--> Getting It Right: School Trustees Ready to Debate...Mining

Thursday, April 27, 2006

School Trustees Ready to Debate...Mining

Staring today the BC School Trustees Association is holding its 102nd Annual Meeting in Prince George and one of the motions facing delegates concerns the impact of the resource sector on northern BC.

You may ask yourself what does a meeting of elected school trustees have to do with our newly reinvigorated resource sector?

And it would be a good question, especially given all the challenges actually facing our education sector. But a group of trustees has decided that this sector is responsible for a whole series of social ills facing their towns.

Just to remind you, the industries under attack are characterized by high-paying jobs, good benefits and the potential to bring prosperity to struggling northern communities - communities that traditionally have the highest unemployment rates in the province and the lowest student scores.

AGM motion number 15, oddly filed under the category of “Student/Curriculum”, moves that the BCSTA lobby the provincial government to bring in heavier regulations in the resource sector. The trustees bringing this forward include those representing regions hit hard by the departure of resource companies in this province in the 1990s: Quesnel, Prince George, Peace River North and South, Fort Nelson, Stikine and Nechako Lakes.

What it boils down to is these trustees are afraid that the “boom” times accompanying new mills, mines and port operations expose the kids in the town to all sorts of negative influences.

These include, from their perspective: lack of child supervision, school truancy, increased student drop-out rates as students leave school to go to high paying jobs, increased incidents of suicide, increased transience rates, family violence, migration of disassociated youth to major centres, malnutrition, addiction and other health-related issues.

It seems to me that many of these very negative items could just as easily be attributed to poverty and isolation.

A call to the communications staff at the BCSTA suggested that this basket of accusations was developed from anecdotal experience, not hard research. Calls to the trustee behind the motion were not returned.

Most of all, this motion completely fails to address the important impact that socio-economic status has on student achievement in schools and poverty in general.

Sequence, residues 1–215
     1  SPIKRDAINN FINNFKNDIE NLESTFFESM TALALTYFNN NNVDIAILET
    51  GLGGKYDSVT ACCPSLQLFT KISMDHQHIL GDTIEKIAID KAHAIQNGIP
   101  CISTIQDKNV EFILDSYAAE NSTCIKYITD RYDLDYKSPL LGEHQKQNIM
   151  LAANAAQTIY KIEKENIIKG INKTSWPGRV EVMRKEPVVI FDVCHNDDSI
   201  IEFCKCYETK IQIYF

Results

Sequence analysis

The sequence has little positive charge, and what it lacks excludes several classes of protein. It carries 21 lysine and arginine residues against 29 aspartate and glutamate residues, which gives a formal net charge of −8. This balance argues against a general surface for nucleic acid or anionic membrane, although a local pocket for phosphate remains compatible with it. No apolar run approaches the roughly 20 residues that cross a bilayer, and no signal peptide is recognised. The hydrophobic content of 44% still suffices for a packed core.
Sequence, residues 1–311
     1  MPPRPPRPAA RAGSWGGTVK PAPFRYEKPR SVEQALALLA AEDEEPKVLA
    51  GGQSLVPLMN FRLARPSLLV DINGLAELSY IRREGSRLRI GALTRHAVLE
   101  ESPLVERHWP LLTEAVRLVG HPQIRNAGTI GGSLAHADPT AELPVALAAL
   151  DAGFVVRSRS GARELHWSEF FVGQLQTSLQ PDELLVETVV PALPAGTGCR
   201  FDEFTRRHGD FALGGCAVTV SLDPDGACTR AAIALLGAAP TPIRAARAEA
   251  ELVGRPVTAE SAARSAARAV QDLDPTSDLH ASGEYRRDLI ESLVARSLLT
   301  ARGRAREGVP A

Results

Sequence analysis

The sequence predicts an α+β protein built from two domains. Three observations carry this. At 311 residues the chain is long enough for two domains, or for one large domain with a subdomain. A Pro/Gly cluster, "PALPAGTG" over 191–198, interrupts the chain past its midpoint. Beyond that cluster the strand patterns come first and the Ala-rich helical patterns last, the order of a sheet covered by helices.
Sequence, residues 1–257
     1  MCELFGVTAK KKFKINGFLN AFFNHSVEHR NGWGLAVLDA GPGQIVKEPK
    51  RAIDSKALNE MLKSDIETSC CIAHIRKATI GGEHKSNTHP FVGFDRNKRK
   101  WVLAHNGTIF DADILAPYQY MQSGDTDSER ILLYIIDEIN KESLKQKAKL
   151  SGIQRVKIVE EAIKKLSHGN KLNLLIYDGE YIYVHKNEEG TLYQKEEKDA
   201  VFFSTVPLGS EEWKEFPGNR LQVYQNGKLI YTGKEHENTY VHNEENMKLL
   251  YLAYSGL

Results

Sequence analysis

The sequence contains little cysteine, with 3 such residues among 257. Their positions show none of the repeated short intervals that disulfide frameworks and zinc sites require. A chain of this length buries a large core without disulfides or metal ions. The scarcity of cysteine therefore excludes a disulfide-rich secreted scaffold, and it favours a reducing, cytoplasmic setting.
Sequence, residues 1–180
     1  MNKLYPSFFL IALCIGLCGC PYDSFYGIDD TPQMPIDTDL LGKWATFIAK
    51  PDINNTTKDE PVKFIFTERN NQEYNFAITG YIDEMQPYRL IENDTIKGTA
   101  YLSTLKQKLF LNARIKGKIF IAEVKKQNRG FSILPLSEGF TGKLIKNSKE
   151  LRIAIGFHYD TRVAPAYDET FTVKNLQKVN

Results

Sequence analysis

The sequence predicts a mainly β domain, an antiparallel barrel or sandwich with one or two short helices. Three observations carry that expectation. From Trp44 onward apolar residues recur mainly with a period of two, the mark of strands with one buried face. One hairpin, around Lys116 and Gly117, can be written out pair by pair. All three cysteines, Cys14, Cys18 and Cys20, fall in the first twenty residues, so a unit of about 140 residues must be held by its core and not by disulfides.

Both BCTF and the Fraser Institute studies have shown that students who come from families with good incomes tend to have higher rates of success in school completion, literacy, and numeracy.

If that is the case, and I believe it is, then it seems very strange that those in charge of our schools would prefer to discourage a strong northern economy by adding additional hoops to the bureaucracy a company must leap through before opening up operations.

Why blame the resource sector for this list of societal ills when, for many communities, these jobs will finally provide the economic strength so that the kids living there can succeed in school and in life?

Full disclosure: Erin Airton works with a mining company with no BC-based operations.


At 10:19 a.m., Anonymous Sean P, Vancouver-Quilchena said...


I happen to appreciate your comments, especially today......And thanks for the full disclosure at the end of the article! :-)

Yes, it's very typical...With the BCTF negotiating a new contract with the Ministry, and the age/safety of school buildings, class sizes, the curriculae, and other issues affecting our students, and what do the trustees do? Debate the issue of mining!

At 11:56 p.m., Anonymous Anonymous said...

Leftists ideology finds a breeding ground in poverty, dependence on Government, and unemployment.

They risk their raison d'etre if society becomes prosperous.

So they always torpedo every poverty eradication move.

Union interest takes precedence over the interest of common people.

Bijan Basak
Apr 27, 2006

At 5:49 p.m., Blogger Walter Schultz said...

They should be focusing on more important issues. How about showing more attention to early childhood education. All our future generations of learners need to come to Kindergarten with the most basic skills, knowing their ABC's and counting to 10.

At 9:01 p.m., Anonymous Anonymous said...


A root cause of all the social ills
mentioned in your article
is the State imposed break-up
of the nuclear family with
the father as the head of the household.

This was done by ever greater amounts of State taxation and State regulation so that a father
could no longer support a family
on his own. In addition the
State is imposing a
matriarchal society on us by
becoming the provider for
broken homes ( read single-female
headed households ). After the
female has stolen HIS children
the new State Husband will support her.

The females give the children incorrect socialisation and
they are without the father
to give them correct socialisation.
This is where the social ills are
coming from. But try telling
School Trustees or any type
of State Paycheck collecter that.

All matriarchial societies
throughout history have failed.

See this:


At 9:07 p.m., Anonymous Anonymous said...


You'll have to type this link in manually
to get the correct article.
"The Garbage Generation"


At 7:32 a.m., Blogger Brian Lemon said...

Why not blame all the societal ills on spots on Pluto?
How can it be that educated, "good humanist", unionized teachers' associates can always find a link between problems and capitalism?
Maybe poverty causes poverty and it's ilk. And maybe stupidity causes stupid ideas.

At 5:56 a.m., Anonymous Anonymous said...

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